PITTSBURGH (KDKA) -- There are currently more than 800 people in Allegheny County without a place to call home.
While that number has fluctuated over the last decade, county leaders say they're constantly working to reduce the number of people experiencing homelessness.
KDKA Investigates found Allegheny County received $23 million this year as part of an annual renewal of federal funds from the U.S. Department of Housing and Urban Development, to help fight homelessness in the county.
In addition to that money, through other funding sources, the Allegheny County Department of Human Services deputy director told KDKA the county receives a total of $40 million a year to help fight homelessness, specifically through permanent housing solutions to help families stay off the streets.
"That $23 million is incredibly important to run our system," DHS Deputy Director Abigail Horn said. "We fund a number of agencies with that funding. Mostly on the side of supportive housing."
Horn said that money allows them to help about 6,000 households a year through different aspects of the homeless system.
Looking at the data from the county's annual Point-In-Time Homeless Count, in 2022, 880 people were identified as homeless, with 631 housed in an emergency shelter. One-hundred thirty two were in traditional housing. One-hundred and five were unsheltered. Throughout the years, the numbers have fluctuated:
2021: 692 were identified as homeless.
Horn said each year, her team helps on average 1,252 people move into permanent housing. KDKA asked why that number isn't higher.
"Unfortunately, there's a real lack of income-based housing that's available, especially for families," said Remi Harris, a senior manager for services for families experiencing a housing crisis.
Harris added that there is not enough affordable housing in Allegheny County.
"We need more housing," she said. "As you heard before, housing is the cure to homelessness. We have a lack of affordable housing right now and it's only getting worse."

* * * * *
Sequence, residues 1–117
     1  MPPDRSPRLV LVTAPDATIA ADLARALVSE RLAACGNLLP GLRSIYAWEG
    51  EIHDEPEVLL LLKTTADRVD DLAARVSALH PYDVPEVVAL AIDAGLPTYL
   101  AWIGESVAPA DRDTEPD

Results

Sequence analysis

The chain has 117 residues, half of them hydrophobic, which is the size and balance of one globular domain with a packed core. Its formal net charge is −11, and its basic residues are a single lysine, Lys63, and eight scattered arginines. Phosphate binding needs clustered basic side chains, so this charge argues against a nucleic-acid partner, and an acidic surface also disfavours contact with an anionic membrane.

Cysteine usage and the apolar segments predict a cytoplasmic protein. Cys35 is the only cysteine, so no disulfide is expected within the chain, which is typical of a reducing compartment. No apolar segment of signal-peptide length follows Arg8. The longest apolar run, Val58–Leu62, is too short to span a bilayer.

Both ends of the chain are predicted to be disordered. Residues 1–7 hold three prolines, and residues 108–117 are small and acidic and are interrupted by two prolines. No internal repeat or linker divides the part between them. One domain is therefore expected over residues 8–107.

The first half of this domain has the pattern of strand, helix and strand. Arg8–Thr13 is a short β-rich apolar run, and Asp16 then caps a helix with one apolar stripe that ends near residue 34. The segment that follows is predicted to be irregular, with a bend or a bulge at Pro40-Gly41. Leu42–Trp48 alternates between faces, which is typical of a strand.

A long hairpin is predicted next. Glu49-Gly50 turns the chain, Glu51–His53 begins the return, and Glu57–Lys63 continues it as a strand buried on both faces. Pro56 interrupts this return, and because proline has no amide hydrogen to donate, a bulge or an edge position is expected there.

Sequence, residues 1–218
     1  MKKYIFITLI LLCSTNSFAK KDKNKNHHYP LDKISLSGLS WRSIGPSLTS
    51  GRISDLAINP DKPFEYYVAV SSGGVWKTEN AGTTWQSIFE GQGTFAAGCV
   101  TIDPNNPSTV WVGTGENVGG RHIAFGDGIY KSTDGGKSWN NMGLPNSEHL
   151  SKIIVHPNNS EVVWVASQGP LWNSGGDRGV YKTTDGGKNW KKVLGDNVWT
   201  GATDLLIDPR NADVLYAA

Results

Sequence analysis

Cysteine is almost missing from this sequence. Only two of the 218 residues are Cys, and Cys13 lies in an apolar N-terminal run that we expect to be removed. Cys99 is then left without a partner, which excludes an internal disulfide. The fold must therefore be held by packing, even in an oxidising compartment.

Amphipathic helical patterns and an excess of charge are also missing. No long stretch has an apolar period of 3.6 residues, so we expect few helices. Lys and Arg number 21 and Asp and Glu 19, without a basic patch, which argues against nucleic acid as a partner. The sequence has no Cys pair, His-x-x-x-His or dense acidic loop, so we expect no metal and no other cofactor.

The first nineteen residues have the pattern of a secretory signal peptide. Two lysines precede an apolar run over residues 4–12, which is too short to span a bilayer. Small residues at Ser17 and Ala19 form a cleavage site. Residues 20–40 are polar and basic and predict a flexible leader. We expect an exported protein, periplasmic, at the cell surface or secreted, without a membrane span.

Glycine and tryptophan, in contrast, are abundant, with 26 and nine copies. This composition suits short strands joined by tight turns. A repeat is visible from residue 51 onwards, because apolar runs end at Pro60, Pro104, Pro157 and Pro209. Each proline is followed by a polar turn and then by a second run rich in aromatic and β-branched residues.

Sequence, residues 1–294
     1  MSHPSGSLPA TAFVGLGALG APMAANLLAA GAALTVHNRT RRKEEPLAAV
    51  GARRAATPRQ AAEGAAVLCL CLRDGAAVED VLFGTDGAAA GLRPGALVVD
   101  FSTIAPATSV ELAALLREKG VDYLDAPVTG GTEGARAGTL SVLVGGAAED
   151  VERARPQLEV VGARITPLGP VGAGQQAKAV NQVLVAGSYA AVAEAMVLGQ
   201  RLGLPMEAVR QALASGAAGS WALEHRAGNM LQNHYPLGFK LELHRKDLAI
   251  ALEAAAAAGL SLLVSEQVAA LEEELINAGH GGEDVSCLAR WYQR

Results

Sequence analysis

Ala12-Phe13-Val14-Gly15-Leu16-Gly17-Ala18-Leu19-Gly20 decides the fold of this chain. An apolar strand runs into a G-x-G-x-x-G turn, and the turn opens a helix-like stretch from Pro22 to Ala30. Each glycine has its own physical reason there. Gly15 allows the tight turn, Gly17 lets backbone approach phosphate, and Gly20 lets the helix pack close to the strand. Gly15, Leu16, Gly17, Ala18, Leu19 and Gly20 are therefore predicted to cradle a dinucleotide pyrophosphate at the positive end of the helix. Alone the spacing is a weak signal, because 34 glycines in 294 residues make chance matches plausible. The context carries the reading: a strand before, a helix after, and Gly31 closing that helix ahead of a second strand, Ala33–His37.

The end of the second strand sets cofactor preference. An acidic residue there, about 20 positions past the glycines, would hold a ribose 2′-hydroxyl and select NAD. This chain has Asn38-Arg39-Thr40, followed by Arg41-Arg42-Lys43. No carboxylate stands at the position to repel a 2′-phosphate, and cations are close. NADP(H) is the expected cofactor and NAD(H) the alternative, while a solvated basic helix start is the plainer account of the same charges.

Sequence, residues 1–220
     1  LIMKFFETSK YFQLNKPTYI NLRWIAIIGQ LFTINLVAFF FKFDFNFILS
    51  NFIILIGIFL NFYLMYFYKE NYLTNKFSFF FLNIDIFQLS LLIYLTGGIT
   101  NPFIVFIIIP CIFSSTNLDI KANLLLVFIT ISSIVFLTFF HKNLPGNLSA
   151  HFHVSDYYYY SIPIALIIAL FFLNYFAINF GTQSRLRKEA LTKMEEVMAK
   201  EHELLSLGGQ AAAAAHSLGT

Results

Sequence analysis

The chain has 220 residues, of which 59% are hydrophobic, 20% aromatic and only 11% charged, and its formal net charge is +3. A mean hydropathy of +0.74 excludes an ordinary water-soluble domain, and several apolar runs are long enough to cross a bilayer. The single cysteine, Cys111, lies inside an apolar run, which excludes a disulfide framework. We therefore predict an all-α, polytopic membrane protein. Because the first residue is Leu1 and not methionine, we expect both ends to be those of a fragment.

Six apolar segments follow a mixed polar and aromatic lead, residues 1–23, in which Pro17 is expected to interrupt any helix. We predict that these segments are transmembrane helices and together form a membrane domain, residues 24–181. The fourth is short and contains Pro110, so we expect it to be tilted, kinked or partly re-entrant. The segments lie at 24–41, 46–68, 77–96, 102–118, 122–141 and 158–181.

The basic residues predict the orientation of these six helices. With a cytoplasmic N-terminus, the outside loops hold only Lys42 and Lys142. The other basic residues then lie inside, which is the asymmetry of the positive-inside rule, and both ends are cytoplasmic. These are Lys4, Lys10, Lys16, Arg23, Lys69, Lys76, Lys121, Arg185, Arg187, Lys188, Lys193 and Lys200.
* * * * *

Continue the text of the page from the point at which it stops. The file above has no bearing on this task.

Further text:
Harris said that because of the lack of housing, more people are staying in homeless shelters longer.
"Simply running shelters does not solve the problem," Horn said. "That's a tiny little Band-Aid, and if you don't have somewhere to move people into where they're actually living in homes, your shelters will become full, and families may end up experiencing homelessness because we wouldn't have anywhere to put them."
Horn said that while the millions of dollars the county receives is crucial to their programs and the community, and also helps with rental assistance, it may not be enough.
"The availability of safe, clean, affordable housing at the end of the day is basically the biggest factor in individuals being able to either stay in housing and never become homeless or for us to be able to help people move out of experiencing homelessness," Horn said. "It's all about affordable housing."
KDKA asked county leaders if more affordable housing could become available in the future, and was told the county already has spent millions of dollars on affordable housing over the last decade, and plans to continue to do so.
According to the 2021 annual Economic Development Housing Report in Allegheny County, nearly 300 new apartment units or homes were built in the county to extend affordable housing options.
However, KDKA learned that only 83 of those were made available to low-income families. The rest were priced at market rate.
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